Stage and close-up magic relies on presentation, which consists of three ingredients: patter, misdirection, and psychology. The patter is the story the magician tells during performance. Misdirection is a means to divert attention away from a clandestine move of the hands in service to a trick. The psychology is basic—people want to believe, which explains the outcome of most elections. Food professionals also know this. For example, restaurant customers frequently ask what’s “good” on the menu. They want freedom of choice but appreciate the insider’s tip—the Waitron’s Choice, so to speak. Most food servers utilize misdirection—away from this item and toward that one, usually more expensive.
Magic and cooking are based on the same principles of transformation, cutting and restoring, vanishing and reappearing. A blue handkerchief suddenly becomes red! A woman sawn in half returns intact! A coin disappears from the hand and reappears in a child’s ear! An egg becomes an omelet! The simplest act of boiling water makes water disappear! Like in a magic performance, presentation is paramount. The flourish with which a magician produces a fanned deck of cards is matched by a chef unveiling his creation amid swirls of steam. Tableside flambé is as dramatic as a vanishing elephant. Houdini was not a good magician, but he excelled at showmanship. The same is true of certain celebrity chefs as well.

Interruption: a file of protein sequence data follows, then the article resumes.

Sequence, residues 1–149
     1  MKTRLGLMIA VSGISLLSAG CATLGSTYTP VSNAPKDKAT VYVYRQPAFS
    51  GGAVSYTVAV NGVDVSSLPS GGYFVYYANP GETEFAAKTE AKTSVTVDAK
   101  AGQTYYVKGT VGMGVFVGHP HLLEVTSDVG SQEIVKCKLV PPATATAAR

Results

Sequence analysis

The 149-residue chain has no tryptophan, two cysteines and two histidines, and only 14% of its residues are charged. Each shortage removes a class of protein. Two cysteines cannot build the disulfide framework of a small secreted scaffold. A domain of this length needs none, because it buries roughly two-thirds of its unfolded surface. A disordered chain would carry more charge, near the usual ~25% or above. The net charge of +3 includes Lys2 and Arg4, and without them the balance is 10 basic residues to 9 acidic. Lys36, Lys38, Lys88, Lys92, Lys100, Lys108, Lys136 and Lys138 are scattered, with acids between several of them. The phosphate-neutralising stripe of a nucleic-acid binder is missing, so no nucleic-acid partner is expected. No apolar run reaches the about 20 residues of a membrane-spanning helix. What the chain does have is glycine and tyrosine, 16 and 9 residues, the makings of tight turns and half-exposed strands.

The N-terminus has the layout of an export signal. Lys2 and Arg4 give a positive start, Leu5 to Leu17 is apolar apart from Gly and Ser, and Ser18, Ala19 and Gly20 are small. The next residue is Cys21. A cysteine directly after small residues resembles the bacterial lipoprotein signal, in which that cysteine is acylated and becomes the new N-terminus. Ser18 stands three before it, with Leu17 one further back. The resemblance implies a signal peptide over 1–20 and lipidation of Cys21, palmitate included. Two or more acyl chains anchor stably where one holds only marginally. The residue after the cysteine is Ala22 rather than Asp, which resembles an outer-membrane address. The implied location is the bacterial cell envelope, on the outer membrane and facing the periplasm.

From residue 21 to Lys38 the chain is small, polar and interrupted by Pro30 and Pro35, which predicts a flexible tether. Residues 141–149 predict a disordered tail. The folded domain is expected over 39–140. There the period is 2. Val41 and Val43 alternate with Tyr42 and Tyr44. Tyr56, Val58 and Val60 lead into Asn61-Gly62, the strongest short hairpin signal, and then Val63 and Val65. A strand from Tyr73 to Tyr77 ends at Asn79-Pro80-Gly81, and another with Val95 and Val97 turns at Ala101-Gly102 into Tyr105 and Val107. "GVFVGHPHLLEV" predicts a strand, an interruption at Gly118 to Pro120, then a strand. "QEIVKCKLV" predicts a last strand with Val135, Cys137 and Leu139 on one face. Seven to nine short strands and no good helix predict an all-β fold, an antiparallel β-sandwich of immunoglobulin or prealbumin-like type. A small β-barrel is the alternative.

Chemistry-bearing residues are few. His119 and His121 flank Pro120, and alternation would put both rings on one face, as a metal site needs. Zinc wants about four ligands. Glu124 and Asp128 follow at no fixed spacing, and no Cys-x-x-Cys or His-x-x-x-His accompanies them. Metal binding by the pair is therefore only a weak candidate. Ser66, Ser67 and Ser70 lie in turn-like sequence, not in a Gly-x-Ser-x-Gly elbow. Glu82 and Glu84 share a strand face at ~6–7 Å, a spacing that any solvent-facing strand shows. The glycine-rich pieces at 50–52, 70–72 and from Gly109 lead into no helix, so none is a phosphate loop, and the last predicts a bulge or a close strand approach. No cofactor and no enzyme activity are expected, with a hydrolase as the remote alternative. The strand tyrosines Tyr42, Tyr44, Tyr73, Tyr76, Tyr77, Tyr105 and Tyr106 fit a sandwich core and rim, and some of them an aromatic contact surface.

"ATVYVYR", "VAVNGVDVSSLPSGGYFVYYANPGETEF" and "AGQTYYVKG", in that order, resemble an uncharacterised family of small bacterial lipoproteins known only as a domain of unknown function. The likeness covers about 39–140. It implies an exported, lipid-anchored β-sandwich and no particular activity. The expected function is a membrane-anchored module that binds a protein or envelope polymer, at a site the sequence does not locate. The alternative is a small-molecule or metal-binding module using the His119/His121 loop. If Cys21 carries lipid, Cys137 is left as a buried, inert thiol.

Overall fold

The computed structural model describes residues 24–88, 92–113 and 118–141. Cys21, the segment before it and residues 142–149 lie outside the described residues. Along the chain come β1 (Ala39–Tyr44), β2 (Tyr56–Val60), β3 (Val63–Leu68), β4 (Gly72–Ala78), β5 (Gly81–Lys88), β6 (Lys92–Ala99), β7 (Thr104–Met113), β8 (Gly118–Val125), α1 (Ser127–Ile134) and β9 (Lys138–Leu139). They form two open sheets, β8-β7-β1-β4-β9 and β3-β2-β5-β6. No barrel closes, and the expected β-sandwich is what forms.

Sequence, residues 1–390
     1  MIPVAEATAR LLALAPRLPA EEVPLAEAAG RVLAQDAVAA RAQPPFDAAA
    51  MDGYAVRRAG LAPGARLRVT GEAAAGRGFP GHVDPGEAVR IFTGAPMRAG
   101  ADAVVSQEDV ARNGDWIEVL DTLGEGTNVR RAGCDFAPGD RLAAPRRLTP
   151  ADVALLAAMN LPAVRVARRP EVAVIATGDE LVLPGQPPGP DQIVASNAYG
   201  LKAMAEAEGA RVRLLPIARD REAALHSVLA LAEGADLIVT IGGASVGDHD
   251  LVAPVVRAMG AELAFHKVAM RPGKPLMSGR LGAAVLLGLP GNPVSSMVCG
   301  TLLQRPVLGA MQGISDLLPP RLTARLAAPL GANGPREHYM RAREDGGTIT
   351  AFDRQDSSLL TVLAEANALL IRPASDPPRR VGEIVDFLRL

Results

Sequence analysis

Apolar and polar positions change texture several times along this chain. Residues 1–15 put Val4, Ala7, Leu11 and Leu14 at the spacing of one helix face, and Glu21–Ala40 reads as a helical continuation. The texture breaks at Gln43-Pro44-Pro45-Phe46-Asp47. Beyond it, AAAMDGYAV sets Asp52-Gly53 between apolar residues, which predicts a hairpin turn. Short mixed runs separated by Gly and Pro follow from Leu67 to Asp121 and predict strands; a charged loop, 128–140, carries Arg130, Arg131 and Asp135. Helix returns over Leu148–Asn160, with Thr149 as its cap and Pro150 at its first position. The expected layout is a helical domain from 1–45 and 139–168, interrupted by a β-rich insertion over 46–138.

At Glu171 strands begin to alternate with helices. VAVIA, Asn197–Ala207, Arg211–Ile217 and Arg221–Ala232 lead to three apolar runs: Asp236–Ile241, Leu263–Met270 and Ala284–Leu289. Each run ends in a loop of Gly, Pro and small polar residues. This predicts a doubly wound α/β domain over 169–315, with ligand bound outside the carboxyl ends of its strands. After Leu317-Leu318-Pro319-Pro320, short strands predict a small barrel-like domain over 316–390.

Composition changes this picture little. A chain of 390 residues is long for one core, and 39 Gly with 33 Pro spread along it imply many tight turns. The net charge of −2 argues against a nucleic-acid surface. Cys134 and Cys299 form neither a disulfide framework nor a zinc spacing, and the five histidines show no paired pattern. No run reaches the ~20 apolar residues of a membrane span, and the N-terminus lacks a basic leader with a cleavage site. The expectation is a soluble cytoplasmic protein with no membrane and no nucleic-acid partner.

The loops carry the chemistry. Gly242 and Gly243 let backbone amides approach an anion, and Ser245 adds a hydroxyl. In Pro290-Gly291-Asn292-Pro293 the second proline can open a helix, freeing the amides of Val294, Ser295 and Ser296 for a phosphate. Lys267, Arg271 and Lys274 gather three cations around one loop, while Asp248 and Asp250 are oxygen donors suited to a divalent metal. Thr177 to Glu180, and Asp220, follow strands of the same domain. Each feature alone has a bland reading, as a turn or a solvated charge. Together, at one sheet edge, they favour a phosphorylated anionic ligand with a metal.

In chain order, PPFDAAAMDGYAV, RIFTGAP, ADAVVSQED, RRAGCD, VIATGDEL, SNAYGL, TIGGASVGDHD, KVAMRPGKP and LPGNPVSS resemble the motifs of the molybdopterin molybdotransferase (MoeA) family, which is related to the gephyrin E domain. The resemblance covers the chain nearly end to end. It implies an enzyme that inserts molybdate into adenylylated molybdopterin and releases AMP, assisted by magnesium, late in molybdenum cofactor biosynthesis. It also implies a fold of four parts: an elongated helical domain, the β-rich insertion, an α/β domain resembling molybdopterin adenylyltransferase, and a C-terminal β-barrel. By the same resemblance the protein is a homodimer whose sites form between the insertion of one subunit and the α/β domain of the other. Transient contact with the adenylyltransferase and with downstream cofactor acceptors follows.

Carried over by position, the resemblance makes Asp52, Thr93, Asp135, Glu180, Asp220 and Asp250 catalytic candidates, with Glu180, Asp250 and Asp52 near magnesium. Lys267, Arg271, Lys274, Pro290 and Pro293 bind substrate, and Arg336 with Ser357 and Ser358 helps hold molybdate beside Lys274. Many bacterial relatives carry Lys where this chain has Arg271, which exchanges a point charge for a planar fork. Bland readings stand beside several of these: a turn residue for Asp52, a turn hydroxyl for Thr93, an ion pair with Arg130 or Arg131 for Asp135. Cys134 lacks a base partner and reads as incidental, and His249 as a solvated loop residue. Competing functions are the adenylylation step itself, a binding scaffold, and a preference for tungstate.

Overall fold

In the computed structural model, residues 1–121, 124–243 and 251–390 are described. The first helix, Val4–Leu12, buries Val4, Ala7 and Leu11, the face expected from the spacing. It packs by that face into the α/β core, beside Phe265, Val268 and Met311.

Magic tricks with food are a staple in the history of legerdemain, with eggs being a favorite, due to their inherent fragility. As a kid, I swore my mother to secrecy and asked her to sew me an “egg bag” from heavy black cotton. It had a hidden compartment that was concealed by the color and thick fabric. Established and well-financed magicians would put an egg in the bag and withdraw a dove. My variation was to vanish the egg in the bag, make it reappear elsewhere, then crush the egg into a spray of multicolored confetti! The stunt is simple, based on something I’d learned in grade school for Easter decorations. To prepare an egg, I pierced each end with a needle, then used the needle to break apart the yolk inside the shell. I held one end of the egg to my mouth and blew hard enough to force the yolk and white out of the hole in the other end. This process was known as “blowing an egg,” a decorating technique from ancient Ukraine.